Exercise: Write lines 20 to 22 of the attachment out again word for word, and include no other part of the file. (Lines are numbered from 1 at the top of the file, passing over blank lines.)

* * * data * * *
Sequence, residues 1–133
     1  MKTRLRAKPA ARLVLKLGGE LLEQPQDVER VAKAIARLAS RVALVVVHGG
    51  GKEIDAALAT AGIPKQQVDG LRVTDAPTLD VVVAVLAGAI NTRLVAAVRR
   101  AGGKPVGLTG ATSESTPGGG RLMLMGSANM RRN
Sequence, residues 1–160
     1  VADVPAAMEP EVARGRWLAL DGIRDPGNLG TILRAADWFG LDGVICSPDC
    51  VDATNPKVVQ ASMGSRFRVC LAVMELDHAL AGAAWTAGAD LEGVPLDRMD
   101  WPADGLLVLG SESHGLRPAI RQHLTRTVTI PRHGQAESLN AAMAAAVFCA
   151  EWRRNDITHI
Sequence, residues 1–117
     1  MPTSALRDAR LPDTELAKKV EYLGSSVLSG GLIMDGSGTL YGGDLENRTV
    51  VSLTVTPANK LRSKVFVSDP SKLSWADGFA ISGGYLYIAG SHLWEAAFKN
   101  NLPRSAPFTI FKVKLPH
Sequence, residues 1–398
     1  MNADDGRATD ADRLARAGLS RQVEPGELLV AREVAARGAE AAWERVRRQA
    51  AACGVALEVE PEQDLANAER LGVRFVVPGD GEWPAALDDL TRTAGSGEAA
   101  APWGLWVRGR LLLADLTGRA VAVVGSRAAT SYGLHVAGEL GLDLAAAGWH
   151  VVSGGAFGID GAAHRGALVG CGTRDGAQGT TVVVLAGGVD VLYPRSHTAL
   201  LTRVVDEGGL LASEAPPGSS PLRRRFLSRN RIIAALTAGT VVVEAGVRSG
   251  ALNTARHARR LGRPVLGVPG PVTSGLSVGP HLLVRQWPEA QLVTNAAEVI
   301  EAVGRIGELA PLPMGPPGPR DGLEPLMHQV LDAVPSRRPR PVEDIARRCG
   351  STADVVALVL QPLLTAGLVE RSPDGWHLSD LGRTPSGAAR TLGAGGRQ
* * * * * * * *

   251  ALNTARHARR LGRPVLGVPG PVTSGLSVGP HLLVRQWPEA QLVTNAAEVI
   301  EAVGRIGELA PLPMGPPGPR DGLEPLMHQV LDAVPSRRPR PVEDIARRCG
   351  STADVVALVL QPLLTAGLVE RSPDGWHLSD LGRTPSGAAR TLGAGGRQ